Police of Thana Gabhana stopped a group of 10 children, aged between 7 and 11 years, in Village Amradpur near Aligarh of Uttar Pradesh on 19 June when they saw them jogging towards the India-China border. On being asked, the kids said they wanted to avenge the death of Indian soldiers in Ladakh.
The policemen told the kids affectionately they need not fight the enemy till the time grown-ups are in the job, and sent the kids home.
In the night of 15 June, as soldiers of the Indian Army were returning from a major general-level meeting with China to defuse the tension along the Line of Actual Control (LoAC) in Ladakh, the Chinese attacked them while they were going through a narrow pass at the Galwan Valley. Violating the convention of not arriving for a meeting armed, the Chinese had come equipped with rods and clubs wrapped in barbed wire.
The Indians ― shocked, unarmed and outnumbered ― fought bravely but lost 20 soldiers in the Chinese ambush. While sources said China lost 43 men to death or injury, the PLA conceded the casualty but did not divulge the break-up of the figure into deaths and injuries.
The government of India has now supplied the army personnel deployed along the China frontier with riot gear for protection against such ruffian-like behaviour of the enemy. The PLA did not follow through on a commitment to disengage as per an understanding reached between the two militaries on 6 June.
But cute kids and police-like attire of Indian Army personnel are hardly India’s response to Chinese aggression. Air Chief Marshal RKS Bhadauria said today the “gallant action” of the 20 Indian Army personnel, who were killed in a violent face-off with Chinese troops in eastern Ladakh’s Galwan Valley, have shown the forces’ resolve to protect “India’s sovereignty at any cost”.
The Indian Air Force (IAF) chief’s comments came after he made a low-key visit to Ladakh to review the Indian Air Force’s (IAF’s) preparedness in the sensitive sector where the force is operating its fighter jets and new attack and heavy-lift helicopters two days after the 20 army men, including a commander, were killed in Galwan Valley.
Bhadauria visited the forward airbases — Leh on 17 June and Srinagar the next day — at a time of increased Chinese military activity across the disputed Line of Actual Control (LoAC) where Indian and Chinese troops have been caught in a tense confrontation for over seven weeks. Efforts to de-escalate have failed.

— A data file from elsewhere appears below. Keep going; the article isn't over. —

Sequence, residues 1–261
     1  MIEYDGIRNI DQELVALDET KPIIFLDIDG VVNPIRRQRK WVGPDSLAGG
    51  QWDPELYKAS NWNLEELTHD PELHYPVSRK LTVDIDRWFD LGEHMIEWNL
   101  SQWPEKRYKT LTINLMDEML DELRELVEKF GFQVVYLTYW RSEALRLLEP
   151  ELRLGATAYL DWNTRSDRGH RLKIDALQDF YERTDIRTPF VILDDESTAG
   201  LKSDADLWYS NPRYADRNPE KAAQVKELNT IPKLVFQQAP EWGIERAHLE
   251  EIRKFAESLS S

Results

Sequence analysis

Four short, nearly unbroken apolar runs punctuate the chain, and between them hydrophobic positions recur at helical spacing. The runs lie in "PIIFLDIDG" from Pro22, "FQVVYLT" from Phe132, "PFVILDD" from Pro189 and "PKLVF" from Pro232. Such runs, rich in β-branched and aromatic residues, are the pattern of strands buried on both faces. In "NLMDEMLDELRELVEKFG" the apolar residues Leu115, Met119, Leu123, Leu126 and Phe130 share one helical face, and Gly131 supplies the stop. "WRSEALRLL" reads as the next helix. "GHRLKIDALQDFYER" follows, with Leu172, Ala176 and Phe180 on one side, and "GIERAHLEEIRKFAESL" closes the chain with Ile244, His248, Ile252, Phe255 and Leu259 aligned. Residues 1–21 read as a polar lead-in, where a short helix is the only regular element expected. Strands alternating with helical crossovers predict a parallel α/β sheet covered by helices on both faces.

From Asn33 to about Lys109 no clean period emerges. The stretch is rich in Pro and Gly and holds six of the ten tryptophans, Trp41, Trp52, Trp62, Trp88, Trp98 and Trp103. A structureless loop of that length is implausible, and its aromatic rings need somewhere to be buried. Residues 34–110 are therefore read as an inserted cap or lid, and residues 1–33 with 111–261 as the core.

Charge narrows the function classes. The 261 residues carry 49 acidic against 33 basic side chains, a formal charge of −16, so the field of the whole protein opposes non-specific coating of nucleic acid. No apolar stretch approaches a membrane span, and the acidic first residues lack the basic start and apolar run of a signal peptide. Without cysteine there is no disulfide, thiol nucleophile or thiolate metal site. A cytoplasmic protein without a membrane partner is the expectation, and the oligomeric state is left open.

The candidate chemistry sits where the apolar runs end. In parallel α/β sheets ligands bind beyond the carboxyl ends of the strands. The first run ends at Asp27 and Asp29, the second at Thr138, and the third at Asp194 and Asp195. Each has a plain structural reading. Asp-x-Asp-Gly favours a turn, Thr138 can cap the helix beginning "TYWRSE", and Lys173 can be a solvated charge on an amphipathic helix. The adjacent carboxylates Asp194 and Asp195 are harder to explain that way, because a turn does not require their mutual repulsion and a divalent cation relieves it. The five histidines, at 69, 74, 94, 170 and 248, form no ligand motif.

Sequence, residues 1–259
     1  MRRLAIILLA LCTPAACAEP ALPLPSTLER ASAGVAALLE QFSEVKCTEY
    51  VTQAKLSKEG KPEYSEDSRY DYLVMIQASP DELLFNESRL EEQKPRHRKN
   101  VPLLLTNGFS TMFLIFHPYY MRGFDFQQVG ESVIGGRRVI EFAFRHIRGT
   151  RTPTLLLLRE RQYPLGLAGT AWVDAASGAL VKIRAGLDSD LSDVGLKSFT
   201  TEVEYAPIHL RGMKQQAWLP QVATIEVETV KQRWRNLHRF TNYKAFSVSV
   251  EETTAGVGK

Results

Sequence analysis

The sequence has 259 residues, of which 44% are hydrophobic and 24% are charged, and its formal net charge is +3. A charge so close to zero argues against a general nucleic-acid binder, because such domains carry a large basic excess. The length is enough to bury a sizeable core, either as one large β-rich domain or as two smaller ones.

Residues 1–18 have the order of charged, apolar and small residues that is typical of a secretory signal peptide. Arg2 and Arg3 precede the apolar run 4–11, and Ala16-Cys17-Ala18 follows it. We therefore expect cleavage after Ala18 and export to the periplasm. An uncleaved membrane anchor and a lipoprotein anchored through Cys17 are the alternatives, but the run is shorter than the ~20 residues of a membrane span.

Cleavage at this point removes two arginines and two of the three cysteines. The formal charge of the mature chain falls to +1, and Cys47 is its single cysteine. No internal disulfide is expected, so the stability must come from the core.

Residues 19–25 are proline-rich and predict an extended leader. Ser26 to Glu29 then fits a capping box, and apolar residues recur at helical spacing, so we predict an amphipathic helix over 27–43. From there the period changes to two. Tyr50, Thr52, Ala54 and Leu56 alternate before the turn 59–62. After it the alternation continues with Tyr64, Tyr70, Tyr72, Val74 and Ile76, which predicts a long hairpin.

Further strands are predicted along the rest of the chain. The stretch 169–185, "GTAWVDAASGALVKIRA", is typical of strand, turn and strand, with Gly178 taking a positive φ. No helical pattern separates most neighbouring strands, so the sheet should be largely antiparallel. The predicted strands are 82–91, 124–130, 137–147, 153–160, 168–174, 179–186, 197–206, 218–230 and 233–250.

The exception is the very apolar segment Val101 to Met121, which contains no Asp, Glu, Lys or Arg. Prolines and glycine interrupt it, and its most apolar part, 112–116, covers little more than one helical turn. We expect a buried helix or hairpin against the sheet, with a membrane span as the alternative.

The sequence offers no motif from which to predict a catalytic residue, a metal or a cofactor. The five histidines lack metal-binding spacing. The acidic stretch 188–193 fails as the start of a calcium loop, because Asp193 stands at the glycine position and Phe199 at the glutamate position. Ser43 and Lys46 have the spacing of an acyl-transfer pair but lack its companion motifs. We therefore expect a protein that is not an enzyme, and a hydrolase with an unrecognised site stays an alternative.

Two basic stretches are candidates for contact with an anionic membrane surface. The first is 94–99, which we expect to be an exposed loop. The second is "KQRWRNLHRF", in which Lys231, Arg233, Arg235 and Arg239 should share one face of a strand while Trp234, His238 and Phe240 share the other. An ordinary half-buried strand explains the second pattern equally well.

“Please join me in paying tribute to Colonel Santosh Babu and his brave men who made the sacrifice while defending the LAC in Galwan Valley. The gallant actions in a highly-challenging situation have demonstrated our resolve to protect India’s sovereignty at any cost,” Bhadauria said.
“It should be very clear that we are well prepared and suitably deployed to respond to any contingency. I assure the nation that we are determined to deliver and will never let the sacrifice of the braves of Galwan go in vain,” the IAF chief added. He made the comments during the Combined Graduation Parade (CGP) at the Air Force Academy in Hyderabad.
“The security scenario in our region mandates that our armed forces remain prepared and vigilant at all times. The development at the Line of Actual Control (LAC) in Ladakh is a small snapshot of what we are required to handle at short notice,” he said.
“In spite of unacceptable Chinese action after agreements reached during military talks and resulting loss of lives, all efforts are underway to ensure that the current situation at LAC is resolved peacefully,” Bhadauria said.
International observers and war experts believe India has an edge over China ― contrary to the conventional wisdom ― if the present tensions between the two countries escalates to war.